Plaintiff must also demonstrate that she held an objectively reasonable belief that the conduct she described to Greevy violated the ADA. While Plaintiff has adequately alleged that she believed Ogden's actions violated that ADA, she must also show that a "reasonable person could have believed that the conduct of which she complained constituted [disability] discrimination under [the ADA]." Daniels, 776 F.3d at 194 (citing Clark Cty. Sch. Dist. v. Breeden, 532 U.S. 268, 270 (2001)). In order for a plaintiff to establish a prima facie case of discrimination under the ADA, she must show that: "(1) he is a disabled person within the meaning of the ADA; (2) he is otherwise qualified to perform the essential functions of the job, with or without reasonable accommodations by the employer; and (3) he has suffered an otherwise adverse employment decision as a result of discrimination." Taylor v. Phoenixville Sch. Dist., 184 F.3d 296, 306 (3d Cir. 1999) (internal quotation omitted). Further, "[d]iscrimination under the ADA encompasses not only adverse actions motivated by prejudice and fear of disabilities, but also includes failing to make reasonable accommodations for a plaintiff's disabilities." Id. (citing 42 U.S.C. § 12112(b)(5)(A)).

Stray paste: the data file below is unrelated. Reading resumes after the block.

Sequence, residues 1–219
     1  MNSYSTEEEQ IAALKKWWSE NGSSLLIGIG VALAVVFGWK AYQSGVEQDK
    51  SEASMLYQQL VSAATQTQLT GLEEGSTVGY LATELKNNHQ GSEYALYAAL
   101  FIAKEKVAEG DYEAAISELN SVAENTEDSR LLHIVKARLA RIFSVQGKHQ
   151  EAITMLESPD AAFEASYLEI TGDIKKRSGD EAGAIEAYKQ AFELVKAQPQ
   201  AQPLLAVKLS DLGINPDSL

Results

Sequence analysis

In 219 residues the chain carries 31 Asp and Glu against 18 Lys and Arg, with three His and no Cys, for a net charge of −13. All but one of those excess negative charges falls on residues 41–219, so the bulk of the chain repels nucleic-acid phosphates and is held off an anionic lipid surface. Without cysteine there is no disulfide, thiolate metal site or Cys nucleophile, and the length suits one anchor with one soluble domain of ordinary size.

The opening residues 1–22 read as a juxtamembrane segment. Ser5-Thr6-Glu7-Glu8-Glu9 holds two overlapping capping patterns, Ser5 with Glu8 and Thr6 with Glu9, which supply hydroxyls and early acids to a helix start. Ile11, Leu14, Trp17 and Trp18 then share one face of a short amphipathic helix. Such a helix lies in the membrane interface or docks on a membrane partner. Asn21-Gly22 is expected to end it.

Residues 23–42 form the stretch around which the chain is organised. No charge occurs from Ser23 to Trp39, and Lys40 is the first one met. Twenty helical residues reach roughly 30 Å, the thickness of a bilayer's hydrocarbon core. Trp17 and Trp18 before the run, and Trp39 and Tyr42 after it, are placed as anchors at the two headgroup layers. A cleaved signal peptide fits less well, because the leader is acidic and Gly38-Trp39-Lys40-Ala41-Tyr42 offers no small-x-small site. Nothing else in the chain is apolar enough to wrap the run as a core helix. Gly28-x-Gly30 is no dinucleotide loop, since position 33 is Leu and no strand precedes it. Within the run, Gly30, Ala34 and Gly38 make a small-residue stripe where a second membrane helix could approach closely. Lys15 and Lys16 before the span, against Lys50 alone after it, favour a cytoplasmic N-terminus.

A reasonable person could have believed that Ogden was failing to make reasonable accommodations for Plaintiff's disabilities. Plaintiff has alleged that due to her lumbar fusion, she was not supposed to drive, she required the use of an ergonomic work-station, and she needed to take a ten-minute break every hour. (SAC at 4). By requiring Plaintiff to come into the office, Ogden was forcing her to drive, and at the office Plaintiff did not have access to an ergonomic work-station, nor was she able to take a ten-minute break every hour. (Id.). As such, Plaintiff has clearly alleged that Ogden was denying her the accommodations her condition required—the only issue is whether that condition qualified as a disability under the ADA.